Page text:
The primary surface low intensified while centered over western Lower Michigan on the morning of the March 21st as it merged with the surface low from Arkansas. Over the Midwest and Lakes Region during this time, winds were sustained at tropical storm force, and upwards of hurricane force along the Great Lakes. The Weather Bureau Offices in Detroit reported “A gale of unprecedented severity swept over southern Michigan. Buildings were razed, roofs blown off, chimneys toppled over, signs blown down, trees broken and uprooted, overhead wires prostrated, and several lives lost as a result of the storm’s fury.” The storm had staggering surface wind measurements of 86 mph in Detroit, Michigan; 90 mph in Buffalo, New York; 64 mph in Cleveland, Ohio; 76 mph at Louisville Kentucky; and 84 mph in Toledo, Ohio. At least five people were killed around the Detroit area, two more in Indiana, one near Cleveland, and another near Columbus, Ohio. Meanwhile, heavy rains in Minnesota and southern Wisconsin resulted in damaging floods, and an ice storm developed over northern Illinois.
By the night of the 21st, the low pressure system had merged with another low coming up the east coast over Quebec, producing strong storms and winds from Cape Hatteras, North Carolina to Maine. At most of the Weather Bureau Offices along the Great Lakes, the strength and duration of the winds in this event exceeded those in the historic Great Lakes Hurricane which would occur later that year in November. The precipitation that fell with these storms averaged a half to one inch of rain, which was insufficient to produce flooding yet it saturated the ground, setting the stage for the floods to come.
By the 22nd, strong high pressure slid out of the Canadian Northwest, causing cold air to rush into the region. Temperatures dropped below freezing on that Saturday and Saturday Night. This high-pressure area blocked the next incoming storm system, which became locked over Nevada for about 12 hours. The high eventually slid off the eastern seaboard and away from the Ohio Valley on the morning of the 23rd, making way for the next storm system. The next area of low pressure originated in the northern Pacific. The low moved into Nevada, where it sat for half a day as it was blocked by the area of high pressure over the nation’s midsection. By the morning of Easter Sunday, March 23rd, the low was over Colorado. Temperatures at this time across the upper plains were in the thirties with light rain over western sections. Southerly winds ahead of the low pressure system brought in warm, moist air to the Ohio Valley. Temperatures rose there from the 30s in the morning to the lower 70s by late day.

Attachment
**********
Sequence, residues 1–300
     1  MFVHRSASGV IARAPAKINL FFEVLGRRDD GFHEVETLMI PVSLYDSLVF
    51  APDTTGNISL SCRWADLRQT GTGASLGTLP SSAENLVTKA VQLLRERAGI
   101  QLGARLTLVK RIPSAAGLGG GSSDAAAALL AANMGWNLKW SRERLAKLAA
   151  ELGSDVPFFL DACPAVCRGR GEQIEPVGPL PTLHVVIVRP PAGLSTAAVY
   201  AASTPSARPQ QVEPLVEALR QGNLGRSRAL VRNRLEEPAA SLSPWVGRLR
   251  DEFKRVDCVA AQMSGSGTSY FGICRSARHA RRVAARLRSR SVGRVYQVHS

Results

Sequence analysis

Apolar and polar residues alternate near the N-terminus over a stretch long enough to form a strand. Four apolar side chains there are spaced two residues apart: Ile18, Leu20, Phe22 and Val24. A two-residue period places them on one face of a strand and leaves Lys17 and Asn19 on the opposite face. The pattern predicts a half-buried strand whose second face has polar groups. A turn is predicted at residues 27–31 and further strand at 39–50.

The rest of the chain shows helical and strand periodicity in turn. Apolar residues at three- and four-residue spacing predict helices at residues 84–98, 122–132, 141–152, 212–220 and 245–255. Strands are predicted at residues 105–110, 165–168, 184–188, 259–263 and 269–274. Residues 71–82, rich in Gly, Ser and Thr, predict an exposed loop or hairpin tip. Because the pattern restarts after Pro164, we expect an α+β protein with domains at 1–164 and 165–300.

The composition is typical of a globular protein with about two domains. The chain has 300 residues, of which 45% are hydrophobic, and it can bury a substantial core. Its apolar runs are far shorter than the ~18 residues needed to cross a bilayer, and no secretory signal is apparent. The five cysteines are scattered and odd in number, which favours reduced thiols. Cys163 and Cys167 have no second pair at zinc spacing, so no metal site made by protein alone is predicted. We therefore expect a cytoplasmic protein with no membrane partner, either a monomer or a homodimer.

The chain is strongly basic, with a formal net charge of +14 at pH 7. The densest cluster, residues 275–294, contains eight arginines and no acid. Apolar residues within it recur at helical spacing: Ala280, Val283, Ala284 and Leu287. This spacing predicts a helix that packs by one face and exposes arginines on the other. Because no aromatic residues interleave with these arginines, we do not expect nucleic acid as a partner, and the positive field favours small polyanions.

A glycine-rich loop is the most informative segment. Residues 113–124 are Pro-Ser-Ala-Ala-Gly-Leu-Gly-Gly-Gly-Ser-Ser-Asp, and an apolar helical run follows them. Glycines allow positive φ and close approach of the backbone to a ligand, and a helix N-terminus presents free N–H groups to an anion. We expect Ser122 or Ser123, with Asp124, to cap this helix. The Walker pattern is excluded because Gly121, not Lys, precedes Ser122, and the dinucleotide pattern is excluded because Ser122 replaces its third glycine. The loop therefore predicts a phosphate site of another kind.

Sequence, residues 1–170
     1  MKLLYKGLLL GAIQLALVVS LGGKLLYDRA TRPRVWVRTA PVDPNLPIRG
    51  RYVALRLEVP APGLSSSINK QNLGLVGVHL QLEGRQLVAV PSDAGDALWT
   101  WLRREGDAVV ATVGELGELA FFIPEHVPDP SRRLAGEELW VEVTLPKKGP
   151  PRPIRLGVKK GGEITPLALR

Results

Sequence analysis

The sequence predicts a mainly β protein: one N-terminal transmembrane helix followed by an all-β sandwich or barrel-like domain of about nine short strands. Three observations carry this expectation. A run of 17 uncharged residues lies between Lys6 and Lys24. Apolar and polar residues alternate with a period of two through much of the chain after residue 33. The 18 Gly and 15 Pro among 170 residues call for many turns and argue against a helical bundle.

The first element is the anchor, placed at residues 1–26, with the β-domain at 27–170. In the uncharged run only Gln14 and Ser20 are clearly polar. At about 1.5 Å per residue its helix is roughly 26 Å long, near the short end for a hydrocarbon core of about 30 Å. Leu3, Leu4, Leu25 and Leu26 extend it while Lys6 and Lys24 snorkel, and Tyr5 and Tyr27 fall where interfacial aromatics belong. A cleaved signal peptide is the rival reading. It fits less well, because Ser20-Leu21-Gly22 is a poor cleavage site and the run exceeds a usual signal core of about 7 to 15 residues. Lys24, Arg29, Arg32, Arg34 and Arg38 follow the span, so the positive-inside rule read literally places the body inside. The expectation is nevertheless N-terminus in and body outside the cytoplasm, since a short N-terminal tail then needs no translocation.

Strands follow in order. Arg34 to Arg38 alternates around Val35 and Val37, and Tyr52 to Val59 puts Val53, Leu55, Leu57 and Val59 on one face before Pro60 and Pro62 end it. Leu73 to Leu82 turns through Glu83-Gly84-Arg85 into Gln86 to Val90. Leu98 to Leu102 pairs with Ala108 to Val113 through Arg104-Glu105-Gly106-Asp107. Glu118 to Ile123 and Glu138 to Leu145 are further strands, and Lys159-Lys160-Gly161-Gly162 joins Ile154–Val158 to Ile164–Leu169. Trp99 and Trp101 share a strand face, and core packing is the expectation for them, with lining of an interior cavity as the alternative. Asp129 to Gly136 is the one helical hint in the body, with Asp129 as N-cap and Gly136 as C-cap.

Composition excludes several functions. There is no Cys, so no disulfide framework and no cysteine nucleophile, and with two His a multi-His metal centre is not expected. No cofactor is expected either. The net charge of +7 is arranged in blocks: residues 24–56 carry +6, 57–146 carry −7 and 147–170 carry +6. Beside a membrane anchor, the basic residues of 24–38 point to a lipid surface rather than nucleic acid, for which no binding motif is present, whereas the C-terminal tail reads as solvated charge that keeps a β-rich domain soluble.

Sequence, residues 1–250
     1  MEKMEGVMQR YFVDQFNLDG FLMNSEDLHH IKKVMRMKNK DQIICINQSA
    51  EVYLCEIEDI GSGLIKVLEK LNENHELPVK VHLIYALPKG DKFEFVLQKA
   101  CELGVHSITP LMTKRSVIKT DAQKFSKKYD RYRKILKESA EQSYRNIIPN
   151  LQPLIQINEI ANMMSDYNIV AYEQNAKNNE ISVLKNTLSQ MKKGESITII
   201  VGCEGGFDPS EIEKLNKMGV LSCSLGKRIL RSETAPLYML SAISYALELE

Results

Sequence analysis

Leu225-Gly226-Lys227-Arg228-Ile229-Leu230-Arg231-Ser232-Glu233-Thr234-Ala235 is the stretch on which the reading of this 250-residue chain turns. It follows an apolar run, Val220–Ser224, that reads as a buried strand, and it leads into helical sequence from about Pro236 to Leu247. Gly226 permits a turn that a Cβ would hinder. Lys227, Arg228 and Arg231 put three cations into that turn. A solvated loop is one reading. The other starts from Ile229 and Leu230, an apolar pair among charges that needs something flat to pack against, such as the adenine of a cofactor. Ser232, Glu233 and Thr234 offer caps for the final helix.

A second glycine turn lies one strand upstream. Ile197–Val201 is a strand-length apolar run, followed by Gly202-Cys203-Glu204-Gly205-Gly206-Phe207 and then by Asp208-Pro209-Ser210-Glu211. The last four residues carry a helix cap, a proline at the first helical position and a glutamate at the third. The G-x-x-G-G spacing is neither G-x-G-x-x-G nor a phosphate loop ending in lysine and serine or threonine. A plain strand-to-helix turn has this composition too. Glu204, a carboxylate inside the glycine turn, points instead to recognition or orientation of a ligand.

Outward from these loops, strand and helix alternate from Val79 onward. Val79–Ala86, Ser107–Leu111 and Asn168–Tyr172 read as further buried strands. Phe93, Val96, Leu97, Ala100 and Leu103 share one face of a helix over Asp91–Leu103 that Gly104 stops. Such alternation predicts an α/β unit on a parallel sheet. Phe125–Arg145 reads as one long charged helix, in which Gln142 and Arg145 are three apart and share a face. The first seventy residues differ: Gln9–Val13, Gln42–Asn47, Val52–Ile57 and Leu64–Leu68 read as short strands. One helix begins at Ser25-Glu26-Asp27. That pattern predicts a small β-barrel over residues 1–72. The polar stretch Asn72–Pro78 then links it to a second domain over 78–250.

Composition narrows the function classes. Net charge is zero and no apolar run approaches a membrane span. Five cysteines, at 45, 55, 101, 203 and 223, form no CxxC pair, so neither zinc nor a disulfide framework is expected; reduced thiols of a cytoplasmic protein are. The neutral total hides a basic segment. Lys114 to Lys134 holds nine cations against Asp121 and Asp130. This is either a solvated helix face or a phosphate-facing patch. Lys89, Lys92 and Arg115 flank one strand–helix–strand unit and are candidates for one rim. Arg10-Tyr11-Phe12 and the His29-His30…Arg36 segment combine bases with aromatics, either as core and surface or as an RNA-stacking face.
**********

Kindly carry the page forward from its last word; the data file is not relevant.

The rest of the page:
By the afternoon of March 23rd temperatures, humidity, and winds out of the southeast had increased notably across the Midwest. This warm and unstable airmass provided the fuel for severe and tornadic storms the day and into the night. That afternoon, strong southerly winds at sustained speeds over 35 mph with gusts in the 50s had developed over central Kansas resulting in a severe dust storm. The strong winds then moved into Missouri, this time associated with heavy rain and hail.
The first reported tornado came around 5:00 p.m. local time southwest of Omaha, Nebraska in the town of Greenwood. Witnesses observed two tornadoes, one that struck the town from the south and one from the west. The northbound storm is believed to be the stronger tornado, and the one that subsequently swept through Omaha. The eastbound tornado was believed to have swept into Iowa where it damaged several towns there.
Just before 6:00 p.m. local time on the 23rd, a strong tornado tore through an affluent part of town, completely destroying hundreds of houses and displacing thousands. “The tornado that passed through the city of Omaha that evening of Easter Sunday, March 23, 1913, was undoubtedly the most destructive to life and property that ever occurred in the Missouri Valley and probably one of the most destructive in the history of the country.” (4 page 481 by Henry j. Cox). The tornado tracked for five miles through the heart of town with a width up to 1/4 mile. Meteorologists today have estimated that the tornado had wind speeds estimated at EF4 strength. This resulted in 103 fatalities in Omaha, with 49 more reported in other tornadoes and storms in Nebraska and Iowa.